In this post we will look at running the LDBC SNB on Virtuoso.

First, let’s recap what the benchmark is about:

  1. fairly frequent short updates, with no update contention worth mentioning
  2. short random lookups
  3. medium complex queries centered around a person’s social environment

The updates exist so as to invalidate strategies that rely too heavily on precomputation. The short lookups exist for the sake of realism; after all, an online …

SNB Interactive Part 2: Modeling Choices


​SNB Interactive is the wild frontier, with very few rules. This is necessary, among other reasons, because there is no standard property graph data model, and because the contestants support a broad mix of programming models, ranging from in-process APIs to declarative query.

In the case of Virtuoso, we have played with SQL and SPARQL implementations. For a fixed schema and well known workload, SQL will always win. The reason for this is that …

This post is the first in a series of blogs analyzing the LDBC Social Network Benchmark Interactive workload. This is written from the dual perspective of participating in the benchmark design and of building the OpenLink Virtuoso implementation of same.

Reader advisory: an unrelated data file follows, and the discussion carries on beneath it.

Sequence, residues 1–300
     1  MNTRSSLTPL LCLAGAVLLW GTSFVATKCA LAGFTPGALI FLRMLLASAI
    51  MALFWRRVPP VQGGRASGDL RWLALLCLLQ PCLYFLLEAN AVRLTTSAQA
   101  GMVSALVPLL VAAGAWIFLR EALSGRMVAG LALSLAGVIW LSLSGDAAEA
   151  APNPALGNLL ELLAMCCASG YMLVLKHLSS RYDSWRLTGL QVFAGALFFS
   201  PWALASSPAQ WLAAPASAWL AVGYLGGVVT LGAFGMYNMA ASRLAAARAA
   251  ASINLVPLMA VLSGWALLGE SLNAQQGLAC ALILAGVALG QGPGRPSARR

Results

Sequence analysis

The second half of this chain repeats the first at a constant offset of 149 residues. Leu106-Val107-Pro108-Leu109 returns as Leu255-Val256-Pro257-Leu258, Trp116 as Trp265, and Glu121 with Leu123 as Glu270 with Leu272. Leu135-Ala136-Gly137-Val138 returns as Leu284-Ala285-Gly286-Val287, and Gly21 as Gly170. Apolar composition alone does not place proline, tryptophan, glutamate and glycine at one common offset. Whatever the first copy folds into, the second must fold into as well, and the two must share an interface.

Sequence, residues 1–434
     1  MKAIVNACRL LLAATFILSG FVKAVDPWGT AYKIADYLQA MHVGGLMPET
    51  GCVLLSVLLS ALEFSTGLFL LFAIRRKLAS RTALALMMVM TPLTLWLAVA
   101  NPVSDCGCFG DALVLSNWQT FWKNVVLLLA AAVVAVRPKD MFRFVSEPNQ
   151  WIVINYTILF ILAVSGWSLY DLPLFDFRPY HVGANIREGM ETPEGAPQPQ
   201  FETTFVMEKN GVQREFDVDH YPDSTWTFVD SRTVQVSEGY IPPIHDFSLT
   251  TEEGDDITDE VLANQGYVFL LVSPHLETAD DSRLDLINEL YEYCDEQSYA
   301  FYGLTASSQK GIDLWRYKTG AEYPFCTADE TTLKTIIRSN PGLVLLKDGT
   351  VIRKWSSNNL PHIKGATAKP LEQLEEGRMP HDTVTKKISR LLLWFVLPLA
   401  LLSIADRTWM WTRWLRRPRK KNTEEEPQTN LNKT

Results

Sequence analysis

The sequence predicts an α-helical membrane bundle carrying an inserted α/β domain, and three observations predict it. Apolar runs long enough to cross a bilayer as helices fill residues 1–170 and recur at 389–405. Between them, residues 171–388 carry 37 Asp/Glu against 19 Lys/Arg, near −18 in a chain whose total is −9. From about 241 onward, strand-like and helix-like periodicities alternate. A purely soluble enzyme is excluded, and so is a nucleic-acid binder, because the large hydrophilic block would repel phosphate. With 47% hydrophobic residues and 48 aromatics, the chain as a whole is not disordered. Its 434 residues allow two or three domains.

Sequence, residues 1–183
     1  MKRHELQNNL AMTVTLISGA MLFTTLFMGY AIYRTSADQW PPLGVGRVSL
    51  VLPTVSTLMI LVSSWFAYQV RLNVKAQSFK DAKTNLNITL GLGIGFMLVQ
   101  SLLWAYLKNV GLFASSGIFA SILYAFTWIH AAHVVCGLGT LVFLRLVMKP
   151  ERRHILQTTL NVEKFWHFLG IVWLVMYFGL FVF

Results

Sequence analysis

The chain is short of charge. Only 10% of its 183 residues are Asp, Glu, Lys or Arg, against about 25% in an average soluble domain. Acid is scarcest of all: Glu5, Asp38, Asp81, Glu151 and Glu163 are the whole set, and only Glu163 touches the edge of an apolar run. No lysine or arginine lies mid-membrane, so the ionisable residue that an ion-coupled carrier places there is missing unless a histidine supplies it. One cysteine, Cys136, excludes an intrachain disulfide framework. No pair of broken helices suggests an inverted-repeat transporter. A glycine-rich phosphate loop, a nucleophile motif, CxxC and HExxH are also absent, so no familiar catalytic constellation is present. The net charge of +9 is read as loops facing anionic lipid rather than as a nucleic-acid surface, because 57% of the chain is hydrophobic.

With two implementations of SNB interactive at four different scales, we can take a first look at what the benchmark is really about. The hallmark of a benchmark implementation is that its …

Why Do We Need an LDBC SNB-Specific Workload Driver?


In a previous 3-part blog series we touched upon the difficulties of executing the LDBC SNB Interactive (SNB) workload, while achieving good performance and scalability. What we didn’t discuss is why these difficulties were unique to SNB, and what aspects of the way we perform workload execution are scientific contributions - novel solutions to previously unsolved problems. This post will highlight the differences between SNB and more …

The SNB Driver part 1 post introduced, broadly, the challenges faced when developing a workload driver for the LDBC SNB benchmark. In this blog we’ll drill down deeper into the details of what it means to execute “dependent queries” during benchmark execution, and how this is handled in the driver. First of all, as many driver-specific terms will be used, below is a listing of their definitions. There is no need to read them in …

Up until now we have introduced the challenges faced when executing the LDBC SNB benchmark, as well as explained how some of these are overcome. With the foundations laid, we can now explain precisely how operations are executed.

Based on the dependencies certain operations have, and on the granularity of parallelism we wish to achieve while executing them, we assign a Dependency Mode and an Execution Mode to every operation type. Using these …